Fascinating news last week, that a body dug up in a Leicester car-park last year, has been identified by scientists “beyond reasonable doubt” as that of Richard III, killed in 1485.
This announcement followed comparison of the king’s mitochondrial DNA, with that of his sister Anne’s descendant via an unbroken female line. There is one slender link between Richard and a vicar of Halifax, which historians may previously have missed. Long before he came to Halifax in 1496, Dr. Thomas Brent had established substantial royal connections, having earlier been almoner to Queen Elizabeth (Woodville, died 1492) wife of Edward IV. In 1483, after Thomas Langton had been appointed Bishop of St. David’s, Prior Sellyng of Canterbury wrote to Richard, Duke of Gloucester, requesting the new bishop’s now-vacant parish of All Hallows’, Lombard Street, London, be presented “to Master Thomas Brent.” The prior claimed that the parish had been promised in writing, to Brent at its next vacancy, by both the late King Edward IV, and by Queen Elizabeth. Richard did not accede to the prior’s request, appointing his own nominee, William Beverley, as rector of All Hallows’. The above request is undated, but was written when Richard was Protector of England, following the death of his brother Edward IV in April, but before he seized the crown in June. As confessor to Richard’s sister-in-law, Thomas Brent was a churchman closely connected with the Yorkist royal family. I suggest he would have at least been acquainted with the man who ruled England from 1483 to 1485. Was Brent peeved at being passed over in 1483? We cannot know; but in 1500, whilst he was vicar of Halifax, he was serving Richard’s successor, Henry VII, as a royal chaplain. A canon of St Paul’s Cathedral, Brent held other religious posts, in plurality. For many years he was Dean of the Collegiate Church of South Malling, Sussex, just across the river from Lewes Priory, which house then held the presentation of the vicars of Halifax. Brent resigned his Halifax vicarage in 1502, and died in 1515. Having read widely about Richard III, I have been much impressed by his positive military and administrative record in the North of England. It seems most appropriate that the king should be buried in York Minster, and not in the Midlands.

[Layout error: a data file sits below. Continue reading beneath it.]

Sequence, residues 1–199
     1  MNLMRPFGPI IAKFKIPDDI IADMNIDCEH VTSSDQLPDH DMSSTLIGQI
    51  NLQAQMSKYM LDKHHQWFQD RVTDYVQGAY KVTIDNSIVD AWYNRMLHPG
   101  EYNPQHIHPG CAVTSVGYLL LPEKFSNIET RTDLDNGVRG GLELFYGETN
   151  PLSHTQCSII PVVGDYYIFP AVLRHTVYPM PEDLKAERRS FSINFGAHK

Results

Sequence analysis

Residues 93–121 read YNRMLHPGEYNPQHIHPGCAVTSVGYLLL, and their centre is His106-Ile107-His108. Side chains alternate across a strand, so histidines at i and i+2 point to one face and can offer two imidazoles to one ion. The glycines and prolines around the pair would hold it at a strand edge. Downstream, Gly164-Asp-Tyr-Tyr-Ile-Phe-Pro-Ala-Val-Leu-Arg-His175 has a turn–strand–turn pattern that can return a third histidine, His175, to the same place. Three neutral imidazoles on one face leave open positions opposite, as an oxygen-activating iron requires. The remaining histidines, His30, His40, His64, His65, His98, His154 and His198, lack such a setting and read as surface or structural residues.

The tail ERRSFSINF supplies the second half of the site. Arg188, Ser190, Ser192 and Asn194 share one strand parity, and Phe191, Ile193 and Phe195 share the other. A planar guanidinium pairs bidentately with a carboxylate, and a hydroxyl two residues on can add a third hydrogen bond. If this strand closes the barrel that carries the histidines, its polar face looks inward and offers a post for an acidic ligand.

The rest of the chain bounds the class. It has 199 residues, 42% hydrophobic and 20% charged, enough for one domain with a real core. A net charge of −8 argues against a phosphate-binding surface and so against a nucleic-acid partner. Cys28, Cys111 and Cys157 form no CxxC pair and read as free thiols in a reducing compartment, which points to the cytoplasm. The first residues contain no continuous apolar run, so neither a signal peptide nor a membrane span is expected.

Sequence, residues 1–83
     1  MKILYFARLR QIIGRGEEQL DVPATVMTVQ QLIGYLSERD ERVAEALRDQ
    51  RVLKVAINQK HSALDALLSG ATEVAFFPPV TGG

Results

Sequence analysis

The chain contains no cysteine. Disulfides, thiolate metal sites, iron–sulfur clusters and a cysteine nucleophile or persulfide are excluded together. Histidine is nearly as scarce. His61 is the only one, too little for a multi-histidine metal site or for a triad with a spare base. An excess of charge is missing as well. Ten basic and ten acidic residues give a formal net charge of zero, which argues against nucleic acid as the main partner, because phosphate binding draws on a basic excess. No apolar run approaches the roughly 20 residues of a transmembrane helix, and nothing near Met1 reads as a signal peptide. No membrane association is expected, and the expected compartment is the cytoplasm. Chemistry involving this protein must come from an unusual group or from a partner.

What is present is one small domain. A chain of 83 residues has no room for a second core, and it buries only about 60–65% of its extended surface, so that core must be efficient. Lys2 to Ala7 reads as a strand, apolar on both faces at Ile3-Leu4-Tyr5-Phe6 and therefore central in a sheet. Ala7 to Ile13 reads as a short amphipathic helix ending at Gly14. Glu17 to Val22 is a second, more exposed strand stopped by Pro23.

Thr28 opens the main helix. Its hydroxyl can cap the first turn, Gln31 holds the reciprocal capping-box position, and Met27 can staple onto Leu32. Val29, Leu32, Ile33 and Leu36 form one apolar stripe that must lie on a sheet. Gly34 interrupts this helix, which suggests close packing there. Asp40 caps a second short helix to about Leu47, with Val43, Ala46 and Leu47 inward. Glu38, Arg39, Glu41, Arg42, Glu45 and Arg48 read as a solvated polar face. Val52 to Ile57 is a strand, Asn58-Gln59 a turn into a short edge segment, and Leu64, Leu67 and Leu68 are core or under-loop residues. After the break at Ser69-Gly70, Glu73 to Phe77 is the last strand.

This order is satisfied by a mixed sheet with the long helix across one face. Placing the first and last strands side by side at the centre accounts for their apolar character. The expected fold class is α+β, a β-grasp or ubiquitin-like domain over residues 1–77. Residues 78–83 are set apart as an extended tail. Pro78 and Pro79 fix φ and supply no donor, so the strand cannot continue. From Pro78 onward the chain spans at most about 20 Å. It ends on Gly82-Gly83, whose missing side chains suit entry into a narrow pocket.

David C Glover